The CPH 2025 Climate Plan
The CPH 2025 Climate Plan is based on four pillars:
- Energy Consumption
- Energy Production
- Mobility with reduced emissions
- City Administration Initiatives
The targets set for all four pillars are critical to the overall objective of carbon neutrality.
The City of Copenhagen has a dual responsibility to mitigate the effects of climate change and to show that it is feasible to combine growth, development, and an enhanced quality of life with lower CO2- emissions.
The population of Copenhagen is expected to grow by 20 % in the next decade. This opens an opportunity to combine infrastructural changes with green growth toward carbon neutrality in 2025.
How we succeed – our approach
The CPH 2025 Climate Plan is holistic and includes specific targets and initiatives in the four key areas – energy consumption, energy production, mobility, and city administration initiatives.
The Climate Plan is developed in three implementation phases; 2013-2016, 2017-2020, and 2021-2025 with evaluation in between the phases.
How far we are - CO2 account
In Copenhagen in 2019, we have reduced CO2 emissions by 54 % compared to the base year of the Climate Plan, 2005. Annual CO2 accounting is made, which amongst other categories include emissions from traffic, electricity, and district heating consumption.
Learn about some of Copenhagen's projects
Collaboration is the solution
Copenhagen will only achieve our goals through cooperation. Therefore, the city also works as a facilitator in the transformation, joining forces with residents, companies, and authorities to realise the transformation. We do this in partnerships, such as the Big Buyers Initiative, EnergyLab Nordhavn, Bæredygtig Bundlinje (Sustainable Bottom Line) projects, and in efforts targeting the Climate Training Programme. For the same reason, Copenhagen makes it possible for Danish and international operators to try out new solutions and technologies in the city.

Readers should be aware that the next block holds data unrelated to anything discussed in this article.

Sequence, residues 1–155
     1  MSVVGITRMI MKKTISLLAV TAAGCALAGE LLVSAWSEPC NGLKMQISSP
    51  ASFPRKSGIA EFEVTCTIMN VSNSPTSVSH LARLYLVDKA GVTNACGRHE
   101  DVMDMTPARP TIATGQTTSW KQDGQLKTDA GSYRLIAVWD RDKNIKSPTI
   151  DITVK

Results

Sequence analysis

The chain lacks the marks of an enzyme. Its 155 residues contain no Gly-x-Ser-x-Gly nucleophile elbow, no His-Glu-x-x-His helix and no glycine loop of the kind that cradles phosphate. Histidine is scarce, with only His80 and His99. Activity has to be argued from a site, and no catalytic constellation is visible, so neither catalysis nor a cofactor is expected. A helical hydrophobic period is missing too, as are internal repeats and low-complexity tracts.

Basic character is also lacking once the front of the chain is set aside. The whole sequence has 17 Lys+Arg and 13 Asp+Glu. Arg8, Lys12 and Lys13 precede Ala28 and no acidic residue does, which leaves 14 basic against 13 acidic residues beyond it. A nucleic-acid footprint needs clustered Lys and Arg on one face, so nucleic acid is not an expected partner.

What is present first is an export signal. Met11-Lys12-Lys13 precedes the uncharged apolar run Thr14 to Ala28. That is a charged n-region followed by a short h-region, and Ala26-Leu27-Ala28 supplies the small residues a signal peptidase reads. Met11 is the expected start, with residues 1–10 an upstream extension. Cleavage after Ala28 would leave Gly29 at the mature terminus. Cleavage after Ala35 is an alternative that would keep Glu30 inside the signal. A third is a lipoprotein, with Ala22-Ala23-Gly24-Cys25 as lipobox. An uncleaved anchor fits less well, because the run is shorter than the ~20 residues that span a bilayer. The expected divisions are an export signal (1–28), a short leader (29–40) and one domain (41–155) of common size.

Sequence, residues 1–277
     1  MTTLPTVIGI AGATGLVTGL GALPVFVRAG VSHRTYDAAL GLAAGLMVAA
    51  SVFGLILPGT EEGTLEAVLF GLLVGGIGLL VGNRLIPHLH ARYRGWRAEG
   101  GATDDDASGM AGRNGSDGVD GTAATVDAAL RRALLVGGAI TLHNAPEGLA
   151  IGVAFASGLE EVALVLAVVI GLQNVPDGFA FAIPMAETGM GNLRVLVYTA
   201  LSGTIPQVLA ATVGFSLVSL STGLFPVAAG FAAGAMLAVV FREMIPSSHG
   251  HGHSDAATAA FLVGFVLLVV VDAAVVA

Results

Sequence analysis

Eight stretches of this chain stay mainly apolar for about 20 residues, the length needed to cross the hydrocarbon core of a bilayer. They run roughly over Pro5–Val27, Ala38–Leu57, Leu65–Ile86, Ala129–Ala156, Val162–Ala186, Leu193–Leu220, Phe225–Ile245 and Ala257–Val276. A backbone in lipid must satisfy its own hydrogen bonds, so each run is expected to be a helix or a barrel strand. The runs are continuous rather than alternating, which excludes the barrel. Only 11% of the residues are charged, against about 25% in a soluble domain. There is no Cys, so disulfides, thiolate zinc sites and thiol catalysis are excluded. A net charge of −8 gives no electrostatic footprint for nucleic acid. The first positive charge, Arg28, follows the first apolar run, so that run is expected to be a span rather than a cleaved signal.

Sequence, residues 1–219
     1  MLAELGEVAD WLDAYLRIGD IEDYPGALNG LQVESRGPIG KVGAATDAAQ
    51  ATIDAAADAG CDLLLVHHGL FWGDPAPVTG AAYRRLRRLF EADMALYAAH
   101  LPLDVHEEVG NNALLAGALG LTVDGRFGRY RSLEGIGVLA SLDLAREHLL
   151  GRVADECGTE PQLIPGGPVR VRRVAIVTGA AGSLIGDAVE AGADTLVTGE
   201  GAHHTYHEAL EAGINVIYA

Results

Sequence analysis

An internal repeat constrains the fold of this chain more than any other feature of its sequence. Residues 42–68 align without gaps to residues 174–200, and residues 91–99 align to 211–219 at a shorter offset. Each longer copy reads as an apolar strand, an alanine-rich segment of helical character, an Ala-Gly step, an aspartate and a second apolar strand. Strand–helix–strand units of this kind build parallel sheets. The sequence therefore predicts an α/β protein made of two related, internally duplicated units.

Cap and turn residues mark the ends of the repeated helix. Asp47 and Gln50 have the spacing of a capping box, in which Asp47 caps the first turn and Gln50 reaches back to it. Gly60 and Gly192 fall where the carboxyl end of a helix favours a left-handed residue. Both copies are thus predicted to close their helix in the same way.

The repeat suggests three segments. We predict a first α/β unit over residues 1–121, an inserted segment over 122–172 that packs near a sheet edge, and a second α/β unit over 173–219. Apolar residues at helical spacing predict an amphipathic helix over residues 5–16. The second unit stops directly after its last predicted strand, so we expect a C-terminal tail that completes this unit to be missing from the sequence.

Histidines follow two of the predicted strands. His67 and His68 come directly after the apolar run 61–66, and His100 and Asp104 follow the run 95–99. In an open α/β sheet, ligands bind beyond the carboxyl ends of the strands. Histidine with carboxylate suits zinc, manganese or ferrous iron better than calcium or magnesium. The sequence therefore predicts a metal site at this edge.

Copenhagen is part of a wide variety of networks and collaboration projects both in Denmark and abroad to develop and disseminate climate solutions, including C40, Carbon Neutral City Alliance (CNCA), and Energi på Tværs (Danish municipal collaboration).
The City of Copenhagen is open for new collaborations, that will make Copenhagen a more liveable and sustainable city.
Together with Amager Resource Center (ARC), the City of Copenhagen has collaborated on establishing a Carbon Capture facility on CopenHill, with the potential of capturing 500.000 tons of CO₂. Several partners contribute to realising the project in Copenhagen, which will become one of the first carbon capture facilities installed on a waste-to-energy plant.
The City of Copenhagen has just completed an investigation project on carbon capture and the part it can play in making cities carbon neutral. The project was carried out with support from the Carbon Neutral Cities Alliance (CNCA) in cooperation with NIRAS, Bellona (Norwegian NGO), as well as Amsterdam, Helsinki, Oslo, and Stockholm.
Zero-emission construction sites
An important brick steppingstone is to launch zero-emission construction sites, to bring down CO₂ emissions as well as reducing noise and pollution.
Today several pilot projects have been initiated in Copenhagen. In the future, the City of Copenhagen plans to enter partnerships with private and public organizations to ensure more zero-emission constructions sites.
The city is collaborating with a number of European cities under the auspices of C40 to influence the market to transition to zero-emission construction machinery, as this is also a new area at the international level.
Energy Leap partnership
Energy Leap is a partnership within the real estate industry comprising the City of Copenhagen, HOFOR, and more than 40 private and
public-sector property owners and administrators. The partners collaborate on energy savings in residential and office buildings representing 26 % of Copenhagen’s total building stock.
The partnership is voluntary and developed by the partners themselves. The core of the work is confidential data sharing in a benchmark for heat consumption, knowledge sharing, and inspiration to promote energy management, and energy-efficient operation and renovations. The partnership has shown that it is possible to achieve ambitious savings targets for energy consumption as inspiration for others.
Experiences from the development and operation of Energy Leap have been used as inspiration for other networks and partnerships in Copenhagen.